TEHRAN - How many barrels has the Group of
Seven (G-7) leading industrialized nations? This
neatly sums up the way in which the institutions
of global governance are skewed towards the
centers of finance capital in developed nations
rather than the resource rich, but less developed,
countries upon which they depend.
Tehran, now entirely cut off from the global
financial system and with the rial falling like a
stone, that question has never been more relevant.
Dollar economics The combined
effect of the dollar economics of the G-7 and the
"oil curse" of producer nations is visible from
the hotel high in
north Tehran where I look
south over a sea of car-choked smog and unplanned
urban sprawl stretching to the mountains in the
The first problem is the way
that the toxic combination of Western property
rights, rent-seeking and compounding debt
imperfectly grafts (in more ways than one) onto
Iran's government and business culture.
The second problem is that carbon fuels
are massively under-priced and implicitly
subsidized, and car-choked urban sprawl and
desperate levels of pollution are the results.
But now, some of the smartest people on
the planet have made possibly one of the dumbest,
and certainly one of the greatest, strategic
errors in history. The smart people at the US
State Department and Treasury have prevailed upon
the craven Belgian-based SWIFT bank messaging
system to entirely cut off Iran from the dollar
So Iran has to look outside dollar
economics for solutions, and I am here to advocate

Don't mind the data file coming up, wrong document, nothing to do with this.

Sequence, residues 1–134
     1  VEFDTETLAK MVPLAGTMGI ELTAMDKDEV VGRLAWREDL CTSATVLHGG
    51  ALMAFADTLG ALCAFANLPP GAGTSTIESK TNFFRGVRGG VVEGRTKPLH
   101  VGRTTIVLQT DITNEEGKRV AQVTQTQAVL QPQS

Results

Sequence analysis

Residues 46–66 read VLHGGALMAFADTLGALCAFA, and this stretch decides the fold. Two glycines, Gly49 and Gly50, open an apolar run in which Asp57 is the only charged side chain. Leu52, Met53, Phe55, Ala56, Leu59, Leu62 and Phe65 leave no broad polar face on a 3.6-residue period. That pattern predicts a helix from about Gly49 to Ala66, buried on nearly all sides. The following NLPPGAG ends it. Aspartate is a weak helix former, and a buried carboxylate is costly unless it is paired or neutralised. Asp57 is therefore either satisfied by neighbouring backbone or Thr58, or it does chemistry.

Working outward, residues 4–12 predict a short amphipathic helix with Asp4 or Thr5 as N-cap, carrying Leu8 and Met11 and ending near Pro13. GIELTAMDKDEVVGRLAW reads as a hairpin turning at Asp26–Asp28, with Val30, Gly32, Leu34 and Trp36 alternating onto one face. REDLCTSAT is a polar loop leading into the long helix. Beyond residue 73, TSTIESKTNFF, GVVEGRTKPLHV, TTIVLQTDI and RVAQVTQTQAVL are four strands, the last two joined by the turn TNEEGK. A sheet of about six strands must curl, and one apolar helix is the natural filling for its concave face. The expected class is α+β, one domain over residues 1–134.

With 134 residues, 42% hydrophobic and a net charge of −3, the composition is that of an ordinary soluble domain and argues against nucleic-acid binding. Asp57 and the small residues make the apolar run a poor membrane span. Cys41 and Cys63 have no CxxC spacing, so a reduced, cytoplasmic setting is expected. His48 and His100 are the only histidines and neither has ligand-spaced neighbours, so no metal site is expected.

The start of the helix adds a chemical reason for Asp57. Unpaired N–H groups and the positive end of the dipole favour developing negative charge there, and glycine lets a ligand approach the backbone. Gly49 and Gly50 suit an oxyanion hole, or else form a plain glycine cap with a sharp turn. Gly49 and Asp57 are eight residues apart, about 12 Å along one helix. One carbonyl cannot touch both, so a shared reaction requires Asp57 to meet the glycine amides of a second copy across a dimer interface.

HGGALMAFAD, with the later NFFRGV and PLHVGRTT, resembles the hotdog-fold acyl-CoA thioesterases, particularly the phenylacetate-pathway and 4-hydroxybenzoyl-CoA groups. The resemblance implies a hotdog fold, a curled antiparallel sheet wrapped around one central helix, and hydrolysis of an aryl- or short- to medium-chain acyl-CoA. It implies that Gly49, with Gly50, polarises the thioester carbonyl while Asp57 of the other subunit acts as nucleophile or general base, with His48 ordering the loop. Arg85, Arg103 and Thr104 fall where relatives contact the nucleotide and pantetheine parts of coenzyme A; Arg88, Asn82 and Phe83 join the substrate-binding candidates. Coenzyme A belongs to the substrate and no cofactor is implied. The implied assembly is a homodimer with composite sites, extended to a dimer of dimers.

an approach that addresses both problems by
literally re-basing Iran's economy on the absolute
value of energy rather than a black hole of debt.
Problems and solutions It is
said that 21st-century problems cannot be resolved
with 20th-century solutions, but the irony is that
solutions are in fact to be found prior to 1700,
when the modern institutions of Western finance
capital - the joint stock company and modern
"credit intermediary" banks - were first created.
I am observing the re-emergence of two
elements: firstly, collaborative legal and
financial frameworks, using partnership-based
agreements, and secondly, the direct investment
through "unitisation" of flows of value from
When Enron opaquely
used "prepay" commodity transactions (where
commodities are sold for cash now with delivery
later) they not only defrauded investors and
creditors, but also rediscovered a technique which
has existed for thousands of years but was
supplanted by modern banking.
now in routine use, both openly - eg an oil deal
by Jupiter Energy in Kazakhstan, and a gas deal by
Chesapeake Energy in the US - and opaquely, which
is where the damage is done through what I term
"macro" market manipulation.
market manipulation Iran's oil sector
management have - like most of the oil market -
been entirely unaware that for the past seven
years or so the oil market has been completely